The following column, titled "The Cost of Doing Business," was originally published Aug. 2, 2016, on a blog written by Margy Rydzynski, founder of Arlington Entrepreneurs. It is republished with the author's permission.
I live in Arlington Center. Like many of you, I’ve seen business after business close down, especially in the last year or so. I’ve watched in dismay and then horror as shops I’ve frequented for years shuttered their doors and moved away.
These days, all I see are empty storefronts and For Lease signs where those small businesses used to be. I miss those folks and their services.
I had my hair done at Heads Up for over a decade. I shopped at Derby Farm and got to know and respect owner Barbara Popolow.
At one point she expanded the shop, a move which no doubt cost a great deal of money. Now it’s in East Arlington (fortunately still around!) and the former shop stands abandoned in the Center.
I often treated myself to breakfast or lunch at the Madrona Tree (thank you, Tanya!) and am heart-broken at their forced exit.
The same goes for the little frozen yogurt shop, the CVS and all the rest. Thank goodness The Artful Heart (here’s to you, Carla!) was able to relocate to another location a block away, but the move cost some serious money, which the store now has to recoup.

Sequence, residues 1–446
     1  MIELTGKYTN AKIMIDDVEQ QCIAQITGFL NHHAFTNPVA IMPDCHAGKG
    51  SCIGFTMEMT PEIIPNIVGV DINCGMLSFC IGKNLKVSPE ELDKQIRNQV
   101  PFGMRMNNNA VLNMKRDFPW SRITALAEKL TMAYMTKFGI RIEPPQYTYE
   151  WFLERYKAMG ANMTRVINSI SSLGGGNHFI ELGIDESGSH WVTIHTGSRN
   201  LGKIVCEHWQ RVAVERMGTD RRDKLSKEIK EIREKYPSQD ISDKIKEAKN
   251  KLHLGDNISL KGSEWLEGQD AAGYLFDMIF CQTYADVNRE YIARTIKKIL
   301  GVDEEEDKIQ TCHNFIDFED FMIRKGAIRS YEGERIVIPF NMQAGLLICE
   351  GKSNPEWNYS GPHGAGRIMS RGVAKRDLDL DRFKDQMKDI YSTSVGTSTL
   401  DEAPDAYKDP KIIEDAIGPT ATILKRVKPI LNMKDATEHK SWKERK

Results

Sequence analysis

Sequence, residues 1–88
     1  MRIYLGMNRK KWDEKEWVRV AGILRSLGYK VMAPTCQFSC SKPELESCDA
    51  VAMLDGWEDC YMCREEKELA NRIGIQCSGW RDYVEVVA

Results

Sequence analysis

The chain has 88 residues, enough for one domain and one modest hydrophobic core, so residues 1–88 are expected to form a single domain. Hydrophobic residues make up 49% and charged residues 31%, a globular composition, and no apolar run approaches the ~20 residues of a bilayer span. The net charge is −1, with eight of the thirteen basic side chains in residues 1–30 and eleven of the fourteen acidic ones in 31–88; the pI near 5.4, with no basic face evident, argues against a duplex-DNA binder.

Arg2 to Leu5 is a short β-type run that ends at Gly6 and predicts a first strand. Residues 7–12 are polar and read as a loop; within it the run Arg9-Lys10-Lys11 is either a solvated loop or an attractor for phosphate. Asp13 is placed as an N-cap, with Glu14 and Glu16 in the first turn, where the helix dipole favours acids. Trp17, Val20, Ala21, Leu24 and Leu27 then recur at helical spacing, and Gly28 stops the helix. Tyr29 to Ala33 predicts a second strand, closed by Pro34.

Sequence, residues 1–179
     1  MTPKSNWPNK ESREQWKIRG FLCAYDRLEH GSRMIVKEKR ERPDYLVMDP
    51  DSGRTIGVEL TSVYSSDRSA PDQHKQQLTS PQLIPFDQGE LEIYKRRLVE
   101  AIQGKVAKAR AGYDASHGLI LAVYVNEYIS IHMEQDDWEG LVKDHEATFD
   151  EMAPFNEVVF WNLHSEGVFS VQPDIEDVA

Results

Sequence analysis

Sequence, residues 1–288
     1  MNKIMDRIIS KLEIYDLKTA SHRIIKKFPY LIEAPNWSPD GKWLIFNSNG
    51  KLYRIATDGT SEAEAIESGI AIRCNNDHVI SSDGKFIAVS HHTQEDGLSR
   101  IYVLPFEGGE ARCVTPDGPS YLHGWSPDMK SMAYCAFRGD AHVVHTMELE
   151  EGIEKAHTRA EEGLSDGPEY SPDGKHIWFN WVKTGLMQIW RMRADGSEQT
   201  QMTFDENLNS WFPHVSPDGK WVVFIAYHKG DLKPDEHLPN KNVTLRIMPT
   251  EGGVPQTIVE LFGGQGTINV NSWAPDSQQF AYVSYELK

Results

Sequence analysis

There are other businesses who are wondering if they’ll be next. And I wonder, will we be able to have dinner at Tango anymore? Will people driving through Arlington Center take one look and just keep going?
I run a small-business community and, as such, I have a personal stake in all of this. Landlords can charge what they want, of course, but small businesses may not be able to keep up with the cost. I’d rather have an independent business in those shops than a corporate chain that has deeper pockets but no commitment to the community.
We’ve heard the statistics – local businesses keep the money here, corporate chains take it out. That leaves us all poorer, in more ways than one.
A number of media outlets, including The Boston Globe and YourArlington, have written about this. It’s distressing, and there doesn’t seem to be anything anyone can do about it.
Maybe it’s the activist in me (yes, I’ve been on a picket line), but I refuse to believe that we’re all doomed to go down with the ship. I have a feeling other Arlingtonians feel the same way.
So, what can we do? First, join the Support Arlington Center Facebook group. This group wants to make sure Arlington Center remains vibrant and full of small, local businesses. Check out its website, too.
Second, The Madrona Tree has a GoFundMe page. The restaurant may be gone, but it looks like their page is still up and running. Make a contribution. With enough resources, maybe they’ll be able to stay in Arlington, after all.
Third, go shopping and eating in the Center! Let business owners know you support them and want them to stay. A lot of people are working to make that happen. Add your voice to the chorus!
As I’ve mentioned earlier, I’m recovering from a recent illness that had me in a hospital for over a week. Even with that, I plan to do what I can to help restore Arlington Center – my home – to its former health and prosperity. Can you help, too?
This viewpoint was published Wednesday, Aug. 3, 2016.